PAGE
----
• For domestic violence cases, it has been less than 5 years since the completion of the original terms and conditions of the sentence, including any financial obligations or treatment ordered as a condition of sentencing.
  • For domestic violence cases, you cannot have prior convictions related to domestic violence before the one you are attempting to vacate.
  • You are presently under or have been within the last 5 years, subject to a domestic violence protection order, a no-contact order, an anti-harassment order, or a civil restraining order.

Misdemeanors Offenses

Misdemeanors are offenses typically punishable by a maximum of one year in jail or a fine of $5,000. You may request the expungement of your criminal record if:

  • You were convicted of a misdemeanor in Washington.
  • You have not been charged with any new crimes in any state or federal court.
  • A minimum of 3 years has elapsed since your case concluded, meaning you have fulfilled all sentence requirements, including court costs or fines. However, please note that this provision does not apply to domestic violence cases. For domestic violence cases, 5 years must have passed since the case was closed.
  • The conviction in question is not related to DUI, a sex offense, or classified as a violent offense in Washington.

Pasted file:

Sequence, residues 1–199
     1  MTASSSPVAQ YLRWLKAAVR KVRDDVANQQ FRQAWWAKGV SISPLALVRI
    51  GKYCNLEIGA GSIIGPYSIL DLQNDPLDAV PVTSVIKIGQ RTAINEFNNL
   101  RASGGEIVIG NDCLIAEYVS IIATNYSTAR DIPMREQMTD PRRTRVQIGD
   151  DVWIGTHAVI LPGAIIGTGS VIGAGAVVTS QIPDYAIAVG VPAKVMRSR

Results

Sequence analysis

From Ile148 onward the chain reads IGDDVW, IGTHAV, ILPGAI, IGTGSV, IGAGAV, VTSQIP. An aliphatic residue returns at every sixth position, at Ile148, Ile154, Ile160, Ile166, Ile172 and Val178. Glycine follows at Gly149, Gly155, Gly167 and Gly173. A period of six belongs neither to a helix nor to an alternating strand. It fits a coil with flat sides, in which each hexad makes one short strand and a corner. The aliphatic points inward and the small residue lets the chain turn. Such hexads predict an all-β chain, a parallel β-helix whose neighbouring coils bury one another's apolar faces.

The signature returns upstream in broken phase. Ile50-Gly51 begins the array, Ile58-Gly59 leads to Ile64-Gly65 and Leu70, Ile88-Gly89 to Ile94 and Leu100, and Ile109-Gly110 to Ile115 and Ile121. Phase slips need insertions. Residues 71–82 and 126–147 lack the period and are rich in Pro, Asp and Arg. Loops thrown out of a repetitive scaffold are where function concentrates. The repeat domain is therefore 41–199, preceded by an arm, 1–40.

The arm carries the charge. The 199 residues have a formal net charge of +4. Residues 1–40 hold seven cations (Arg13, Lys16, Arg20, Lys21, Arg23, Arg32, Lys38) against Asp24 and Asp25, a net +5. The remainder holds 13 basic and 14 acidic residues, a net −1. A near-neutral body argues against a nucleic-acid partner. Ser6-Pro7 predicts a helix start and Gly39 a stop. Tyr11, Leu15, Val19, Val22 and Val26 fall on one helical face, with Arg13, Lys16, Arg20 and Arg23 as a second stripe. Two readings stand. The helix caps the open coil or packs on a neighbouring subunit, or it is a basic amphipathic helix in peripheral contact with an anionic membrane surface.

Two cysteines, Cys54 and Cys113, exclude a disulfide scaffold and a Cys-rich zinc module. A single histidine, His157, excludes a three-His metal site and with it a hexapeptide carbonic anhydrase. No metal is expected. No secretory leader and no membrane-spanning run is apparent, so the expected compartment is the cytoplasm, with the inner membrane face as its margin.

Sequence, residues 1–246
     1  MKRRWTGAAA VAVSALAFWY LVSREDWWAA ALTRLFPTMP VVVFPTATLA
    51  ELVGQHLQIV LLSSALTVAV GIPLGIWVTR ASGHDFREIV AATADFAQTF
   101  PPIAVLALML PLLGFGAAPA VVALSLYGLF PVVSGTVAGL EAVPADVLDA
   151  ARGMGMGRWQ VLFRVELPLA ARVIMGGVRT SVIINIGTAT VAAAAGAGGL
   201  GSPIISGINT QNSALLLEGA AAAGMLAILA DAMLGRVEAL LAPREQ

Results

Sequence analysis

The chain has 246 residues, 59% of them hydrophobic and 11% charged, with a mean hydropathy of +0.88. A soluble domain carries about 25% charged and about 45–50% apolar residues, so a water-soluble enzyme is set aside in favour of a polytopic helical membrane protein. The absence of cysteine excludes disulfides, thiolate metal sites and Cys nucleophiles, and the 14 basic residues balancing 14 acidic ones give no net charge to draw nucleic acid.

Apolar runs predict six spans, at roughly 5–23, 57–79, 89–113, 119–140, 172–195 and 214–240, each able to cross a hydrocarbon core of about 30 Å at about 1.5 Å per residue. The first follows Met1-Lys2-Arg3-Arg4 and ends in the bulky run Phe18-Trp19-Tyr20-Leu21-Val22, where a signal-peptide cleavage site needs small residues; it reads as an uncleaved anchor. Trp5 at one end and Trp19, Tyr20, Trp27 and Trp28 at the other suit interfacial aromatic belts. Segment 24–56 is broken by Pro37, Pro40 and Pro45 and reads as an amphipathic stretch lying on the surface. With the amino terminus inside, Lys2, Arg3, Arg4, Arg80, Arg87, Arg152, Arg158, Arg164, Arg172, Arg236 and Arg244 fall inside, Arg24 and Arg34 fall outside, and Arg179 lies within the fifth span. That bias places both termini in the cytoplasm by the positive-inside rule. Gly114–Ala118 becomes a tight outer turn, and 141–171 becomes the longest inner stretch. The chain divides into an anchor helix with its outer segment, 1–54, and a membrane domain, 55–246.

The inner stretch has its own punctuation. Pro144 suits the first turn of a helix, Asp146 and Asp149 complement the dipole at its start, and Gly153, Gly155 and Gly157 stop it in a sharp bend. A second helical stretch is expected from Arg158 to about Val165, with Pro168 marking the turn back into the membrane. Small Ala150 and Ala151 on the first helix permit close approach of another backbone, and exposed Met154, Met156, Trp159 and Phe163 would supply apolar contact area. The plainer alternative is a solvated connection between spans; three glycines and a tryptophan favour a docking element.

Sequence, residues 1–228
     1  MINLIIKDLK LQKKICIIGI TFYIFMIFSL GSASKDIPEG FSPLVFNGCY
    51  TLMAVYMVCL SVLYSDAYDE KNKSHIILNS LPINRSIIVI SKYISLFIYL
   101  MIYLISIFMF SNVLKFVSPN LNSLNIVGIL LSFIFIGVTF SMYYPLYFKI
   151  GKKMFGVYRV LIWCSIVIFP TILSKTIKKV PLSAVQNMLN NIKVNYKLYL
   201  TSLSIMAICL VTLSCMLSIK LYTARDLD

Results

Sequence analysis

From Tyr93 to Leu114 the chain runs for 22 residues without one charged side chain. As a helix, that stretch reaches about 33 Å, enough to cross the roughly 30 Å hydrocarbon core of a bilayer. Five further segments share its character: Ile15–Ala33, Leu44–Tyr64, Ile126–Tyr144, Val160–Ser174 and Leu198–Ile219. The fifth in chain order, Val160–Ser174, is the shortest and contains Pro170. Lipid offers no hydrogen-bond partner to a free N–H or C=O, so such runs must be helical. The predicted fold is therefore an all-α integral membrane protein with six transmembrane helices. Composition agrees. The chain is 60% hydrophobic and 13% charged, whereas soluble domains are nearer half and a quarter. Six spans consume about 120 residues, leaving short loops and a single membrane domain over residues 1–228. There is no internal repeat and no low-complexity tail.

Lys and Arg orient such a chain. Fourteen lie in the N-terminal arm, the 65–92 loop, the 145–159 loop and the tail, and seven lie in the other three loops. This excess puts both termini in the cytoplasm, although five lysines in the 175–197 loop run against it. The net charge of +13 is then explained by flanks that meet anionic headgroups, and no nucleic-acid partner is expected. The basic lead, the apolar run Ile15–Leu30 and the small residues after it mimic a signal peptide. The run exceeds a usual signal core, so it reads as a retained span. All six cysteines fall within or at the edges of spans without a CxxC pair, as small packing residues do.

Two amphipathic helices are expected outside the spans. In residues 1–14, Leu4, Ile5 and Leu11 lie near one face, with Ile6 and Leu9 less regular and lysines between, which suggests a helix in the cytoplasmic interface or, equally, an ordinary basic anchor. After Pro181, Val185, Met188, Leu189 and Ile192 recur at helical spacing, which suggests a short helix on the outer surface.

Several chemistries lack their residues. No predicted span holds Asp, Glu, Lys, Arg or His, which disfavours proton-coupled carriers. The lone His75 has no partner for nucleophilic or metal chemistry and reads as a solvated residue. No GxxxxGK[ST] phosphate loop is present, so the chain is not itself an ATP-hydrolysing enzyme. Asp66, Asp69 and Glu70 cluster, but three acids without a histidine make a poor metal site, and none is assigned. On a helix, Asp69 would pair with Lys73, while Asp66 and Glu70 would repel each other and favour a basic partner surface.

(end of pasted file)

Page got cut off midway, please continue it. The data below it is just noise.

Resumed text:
• You have not been convicted of any other crimes.
  • You have never had a prior criminal record vacated or expunged.
  • You do not currently have a no-contact or no-harassment order issued against you, nor have you had one against you within the past 5 years.

Felony Offenses

The process and requirements differ slightly. Not all felony convictions are eligible for expungement. You can pursue the process if:

  • You were convicted of a felony in Washington.
  • You have not been convicted of any other crimes since the conviction you are currently seeking to vacate.
  • You are not facing any new charges in any state in the US or in federal court.
  • Your conviction was not for a violent offense.
  • Your conviction was not for a crime against a person.
  • At least 10 years have passed if you were convicted of a Class B felony, and at least 5 years have passed if the conviction was for a Class C felony. Individuals convicted of a Class A felony cannot have their records vacated.